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Hampton, Virginia — The American South (Mid-Atlantic)
 

Hampton Is Burned

“… a bright light over by the bay.”

 
 
Hampton Is Burned CWT Marker image. Click for full size.
By Bernard Fisher, July 31, 2010
1. Hampton Is Burned CWT Marker
Inscription. When Capt. Jefferson C. Phillips’s Confederate troops set the town of Hampton on fire on the evening of August 7, 1861, a house that stood on this King Street site was one of the many structures destroyed. Archaeology tells the story of its demise.

As fire consumed the dwelling, it collapsed into the basement and created a burned layer strewn with molten glass. On the floor of the basement, archeologists unearthed a blackened pearl-ware pitcher—fractured, but brimming with ash and charcoal. This artifact alone probably best represents how the inferno altered the lives of Hampton’s inhabitants.

The rubble of the house was certainly ransacked by soldiers and the contraband slaves scavenging in search of building materials. Archeologists discovered that virtually the entire basement had been dismantled and removed brick by brick for the construction of temporary shelters. Damaged bricks were thrown back into the basement, which quickly filled with the refuse generated by troops and contrabands.

Large amounts of shoe leather were found, as well as fish and animal bones from numerous meals. An inkwell, of the type purchased by soldiers from a sutler, was recovered, as well as regimental Civil War buttons from the uniforms of Confederate soldiers from Georgia and Union soldiers from New York and Massachusetts.
Settlers Landing Rd & S King St image. Click for full size.
By Bernard Fisher, July 31, 2010
2. Settlers Landing Rd & S King St
Interestingly, two Hampton Military Academy uniform buttons were found side by side.

“Suddenly the flaming torches were seen dancing about wildly in all directions, like so many will-o’-the-wisps. … The houses were entered and fired, and soon the whole town was enveloped in flame casting a bright light over the bay.” – Pvt. William H. Osborne, 29th Massachusetts Volunteer Infantry, 1861
 
Erected by Virginia Civil War Trails.
 
Marker series. This marker is included in the Virginia Civil War Trails marker series.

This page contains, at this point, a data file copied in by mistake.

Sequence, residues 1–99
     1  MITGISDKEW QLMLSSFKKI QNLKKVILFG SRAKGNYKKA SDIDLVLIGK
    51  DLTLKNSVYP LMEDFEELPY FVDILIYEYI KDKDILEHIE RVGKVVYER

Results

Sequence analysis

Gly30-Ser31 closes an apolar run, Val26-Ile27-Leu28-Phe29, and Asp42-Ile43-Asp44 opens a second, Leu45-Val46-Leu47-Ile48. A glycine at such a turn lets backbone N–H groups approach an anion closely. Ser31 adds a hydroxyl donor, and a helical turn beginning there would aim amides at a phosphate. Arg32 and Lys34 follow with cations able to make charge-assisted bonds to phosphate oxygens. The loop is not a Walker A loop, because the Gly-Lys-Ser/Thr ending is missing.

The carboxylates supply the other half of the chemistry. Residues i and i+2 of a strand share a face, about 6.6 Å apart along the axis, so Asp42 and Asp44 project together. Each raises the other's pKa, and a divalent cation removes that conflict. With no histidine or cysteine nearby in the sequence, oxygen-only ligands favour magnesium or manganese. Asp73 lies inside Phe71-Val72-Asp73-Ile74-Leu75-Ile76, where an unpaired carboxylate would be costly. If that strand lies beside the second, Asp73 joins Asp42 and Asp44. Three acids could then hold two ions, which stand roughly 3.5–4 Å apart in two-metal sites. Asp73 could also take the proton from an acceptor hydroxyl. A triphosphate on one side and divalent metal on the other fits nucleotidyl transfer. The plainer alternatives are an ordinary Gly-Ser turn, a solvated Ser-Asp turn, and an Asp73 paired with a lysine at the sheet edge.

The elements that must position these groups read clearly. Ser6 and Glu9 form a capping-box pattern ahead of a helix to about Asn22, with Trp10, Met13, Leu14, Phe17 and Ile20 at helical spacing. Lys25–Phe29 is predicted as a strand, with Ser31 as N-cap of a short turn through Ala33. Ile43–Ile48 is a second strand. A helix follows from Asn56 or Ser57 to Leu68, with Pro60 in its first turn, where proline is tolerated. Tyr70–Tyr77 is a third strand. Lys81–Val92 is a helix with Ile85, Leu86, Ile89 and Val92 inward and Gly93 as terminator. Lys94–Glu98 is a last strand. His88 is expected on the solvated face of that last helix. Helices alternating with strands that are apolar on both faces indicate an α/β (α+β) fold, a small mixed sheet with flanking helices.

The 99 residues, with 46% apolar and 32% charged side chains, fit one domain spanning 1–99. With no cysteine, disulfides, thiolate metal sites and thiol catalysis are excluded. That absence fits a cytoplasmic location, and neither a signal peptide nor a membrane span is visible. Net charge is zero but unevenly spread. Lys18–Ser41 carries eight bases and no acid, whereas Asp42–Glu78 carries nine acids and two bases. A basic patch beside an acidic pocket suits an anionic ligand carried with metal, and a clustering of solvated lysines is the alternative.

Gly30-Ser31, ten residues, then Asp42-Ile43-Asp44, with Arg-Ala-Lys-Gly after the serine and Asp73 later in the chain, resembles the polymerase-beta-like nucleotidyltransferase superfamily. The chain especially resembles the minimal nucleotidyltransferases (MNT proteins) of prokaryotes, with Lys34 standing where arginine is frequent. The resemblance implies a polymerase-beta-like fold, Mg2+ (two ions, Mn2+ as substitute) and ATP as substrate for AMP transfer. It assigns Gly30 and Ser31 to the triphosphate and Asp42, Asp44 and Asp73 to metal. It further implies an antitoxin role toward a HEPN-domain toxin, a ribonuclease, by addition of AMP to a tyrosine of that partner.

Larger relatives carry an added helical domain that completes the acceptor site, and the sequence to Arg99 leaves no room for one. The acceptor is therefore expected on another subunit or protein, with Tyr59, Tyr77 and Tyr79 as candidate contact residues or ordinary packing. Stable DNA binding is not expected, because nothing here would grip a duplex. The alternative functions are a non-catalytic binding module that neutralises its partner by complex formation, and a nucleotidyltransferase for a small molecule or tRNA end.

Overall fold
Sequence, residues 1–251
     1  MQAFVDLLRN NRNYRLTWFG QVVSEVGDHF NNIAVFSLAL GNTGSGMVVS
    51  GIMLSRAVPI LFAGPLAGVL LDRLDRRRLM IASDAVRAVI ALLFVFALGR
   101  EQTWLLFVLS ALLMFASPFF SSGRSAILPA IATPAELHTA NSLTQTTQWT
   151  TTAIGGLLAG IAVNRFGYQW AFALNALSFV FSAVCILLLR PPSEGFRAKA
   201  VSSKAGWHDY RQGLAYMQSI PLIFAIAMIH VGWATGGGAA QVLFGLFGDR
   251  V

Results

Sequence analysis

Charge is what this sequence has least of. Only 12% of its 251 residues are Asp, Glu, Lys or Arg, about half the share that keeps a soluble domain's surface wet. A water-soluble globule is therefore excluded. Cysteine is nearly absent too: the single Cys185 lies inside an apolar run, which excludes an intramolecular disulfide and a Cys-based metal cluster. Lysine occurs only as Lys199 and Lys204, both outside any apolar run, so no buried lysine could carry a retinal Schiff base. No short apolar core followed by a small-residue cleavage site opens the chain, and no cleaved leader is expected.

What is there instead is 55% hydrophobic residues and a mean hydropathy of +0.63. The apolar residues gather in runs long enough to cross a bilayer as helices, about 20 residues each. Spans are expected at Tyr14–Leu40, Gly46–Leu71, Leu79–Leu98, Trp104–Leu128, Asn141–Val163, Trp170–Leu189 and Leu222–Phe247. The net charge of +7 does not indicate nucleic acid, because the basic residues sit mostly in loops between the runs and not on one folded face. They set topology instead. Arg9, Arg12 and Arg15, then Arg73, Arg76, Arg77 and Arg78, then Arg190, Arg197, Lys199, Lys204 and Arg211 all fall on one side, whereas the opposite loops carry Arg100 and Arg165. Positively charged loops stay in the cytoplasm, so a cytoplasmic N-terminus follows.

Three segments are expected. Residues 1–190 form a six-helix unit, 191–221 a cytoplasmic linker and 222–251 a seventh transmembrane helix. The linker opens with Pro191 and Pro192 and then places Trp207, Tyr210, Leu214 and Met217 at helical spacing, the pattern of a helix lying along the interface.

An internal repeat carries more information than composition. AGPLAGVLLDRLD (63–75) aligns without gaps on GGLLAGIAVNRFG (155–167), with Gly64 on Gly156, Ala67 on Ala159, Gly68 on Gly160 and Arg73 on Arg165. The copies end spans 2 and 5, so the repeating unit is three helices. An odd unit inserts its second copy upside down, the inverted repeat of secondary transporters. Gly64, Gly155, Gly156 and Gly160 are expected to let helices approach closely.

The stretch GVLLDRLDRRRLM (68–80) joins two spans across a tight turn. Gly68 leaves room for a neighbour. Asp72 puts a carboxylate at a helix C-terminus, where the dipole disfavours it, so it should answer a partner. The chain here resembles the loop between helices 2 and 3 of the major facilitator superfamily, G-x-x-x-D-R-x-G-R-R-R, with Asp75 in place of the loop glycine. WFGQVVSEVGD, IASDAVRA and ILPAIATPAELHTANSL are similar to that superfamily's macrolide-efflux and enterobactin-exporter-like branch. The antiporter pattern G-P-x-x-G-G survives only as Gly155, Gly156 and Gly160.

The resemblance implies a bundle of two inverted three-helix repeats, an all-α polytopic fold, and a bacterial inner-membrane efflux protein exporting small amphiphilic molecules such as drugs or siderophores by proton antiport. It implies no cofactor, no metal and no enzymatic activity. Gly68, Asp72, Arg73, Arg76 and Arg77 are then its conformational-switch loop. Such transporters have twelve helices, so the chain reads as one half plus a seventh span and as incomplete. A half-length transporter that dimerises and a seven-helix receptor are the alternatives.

Location. 37° 1.487′ N, 76° 20.627′ W. Marker is in Hampton, Virginia. Marker is at the intersection of Settlers Landing Road (U.S. 60) and South King Street, on the right when traveling west on Settlers Landing Road. Touch for map. Marker is in this post office area: Hampton VA 23669, United States of America.
 
Other nearby markers. At least 8 other markers are within walking distance of this marker. Twentieth-Century Hampton (within shouting distance of this marker); Langley Field: Creating an Air Force (within shouting distance of this marker); Seventeenth-Century Hampton (within shouting distance of this marker); Langley Field: Discovering Aerospace
Ruins at Hampton, Virginia showing chimneys, and man standing image. Click for more information.
circa 1865
3. Ruins at Hampton, Virginia showing chimneys, and man standing
Library of Congress [LC-USZ62-103066]
Click for more information.
(within shouting distance of this marker); Ninteenth-Century Hampton (within shouting distance of this marker); Eighteenth-Century Hampton (within shouting distance of this marker); The Magnolia Tree Inn (within shouting distance of this marker); Hampton (within shouting distance of this marker). Touch for a list and map of all markers in Hampton.
 
More about this marker. On the bottom center is a photograph of the “Ruins of Hampton” – Courtesy Library of Congress

On the upper right is center is an illustration of “The Burning of Hampton by the Rebel Forces under Colonel Magruder,” Harper’s Weekly, Aug.31, 1861
 
Categories. Notable EventsWar, US Civil
 
The Burning of Hampton image. Click for more information.
By Harper's Weekly, August 31, 1861
4. The Burning of Hampton
Harper's Weekly illustration.
Click for more information.
 
 
Credits. This page was last revised on June 16, 2016. This page originally submitted on August 1, 2010, by Bernard Fisher of Mechanicsville, Virginia. This page has been viewed 1,055 times since then and 64 times this year. Photos:   1, 2, 3, 4. submitted on August 1, 2010, by Bernard Fisher of Mechanicsville, Virginia.
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